Future directions of portfolios

In the future, you should expect that portfolios will be used increasingly at the academic postgraduate level. Eventually, they may even replace exams as has occurred with this unit. Therefore there are a number of things to note for your future educational experiences:

1. You will be required to complete more portfolios in other units as you progress in your academic career;

2. As portfolios begin to replace exams you will need to make your portfolio comprehensive and deeply reflective to gain a good grade;

3. You may find that other unit assessments, such as presentations, will be aligned with the content of your portfolio submissions as a means of validating your knowledge.

Your task with the portfolio

Your task is therefore to write a weekly portfolio reflecting upon your learnings from the prior week. In your portfolio you will identify:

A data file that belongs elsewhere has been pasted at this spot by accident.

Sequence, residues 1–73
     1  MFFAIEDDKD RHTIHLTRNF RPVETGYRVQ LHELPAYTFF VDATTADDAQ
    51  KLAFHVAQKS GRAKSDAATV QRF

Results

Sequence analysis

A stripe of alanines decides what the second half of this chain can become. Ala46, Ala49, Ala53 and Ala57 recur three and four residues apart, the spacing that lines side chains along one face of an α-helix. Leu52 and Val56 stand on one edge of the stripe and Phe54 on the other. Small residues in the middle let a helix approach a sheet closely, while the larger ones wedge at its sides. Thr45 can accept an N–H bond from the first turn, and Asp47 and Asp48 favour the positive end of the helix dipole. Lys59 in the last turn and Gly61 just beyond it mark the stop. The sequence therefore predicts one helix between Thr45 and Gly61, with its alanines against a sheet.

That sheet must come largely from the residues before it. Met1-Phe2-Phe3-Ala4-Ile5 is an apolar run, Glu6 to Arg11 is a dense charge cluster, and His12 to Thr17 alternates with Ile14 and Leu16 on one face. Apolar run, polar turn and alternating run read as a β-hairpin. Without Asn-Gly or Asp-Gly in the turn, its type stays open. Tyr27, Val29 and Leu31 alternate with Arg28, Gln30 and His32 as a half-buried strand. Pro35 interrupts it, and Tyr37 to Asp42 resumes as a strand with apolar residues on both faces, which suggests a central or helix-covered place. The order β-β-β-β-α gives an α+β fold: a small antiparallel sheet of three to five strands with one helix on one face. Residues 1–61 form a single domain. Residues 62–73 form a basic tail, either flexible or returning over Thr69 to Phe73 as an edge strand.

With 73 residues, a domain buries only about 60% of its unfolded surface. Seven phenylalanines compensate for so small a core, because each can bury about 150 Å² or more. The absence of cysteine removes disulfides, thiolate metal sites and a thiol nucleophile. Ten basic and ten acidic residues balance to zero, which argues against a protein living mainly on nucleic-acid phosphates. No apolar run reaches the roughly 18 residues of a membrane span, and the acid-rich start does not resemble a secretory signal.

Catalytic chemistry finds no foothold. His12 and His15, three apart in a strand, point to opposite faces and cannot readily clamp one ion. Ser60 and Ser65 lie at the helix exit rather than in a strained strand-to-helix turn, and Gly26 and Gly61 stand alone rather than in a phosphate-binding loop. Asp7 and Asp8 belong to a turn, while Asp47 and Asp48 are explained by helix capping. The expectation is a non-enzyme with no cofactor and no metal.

1. The module/topic and the learning outcomes that the topic applies to;

2. Any readings from this or other units and any personal or workplace artifacts that you might think relevant;

3. Any learning from your experiences. This may be from your workplace but could also be from your personal social experiences;

4. Any supporting documentation of prior or current learning. Only reference the source, unless you feel that there is other information that is particularly relevant.

Note: the process of reflection is particularly important since it will hopefully show your inner thoughts. It will also allow you to show how those thoughts have changed over time as you progress through the unit.

Instructions for completing the portfolio

1. Type your name and student id at the top of the page in the header section.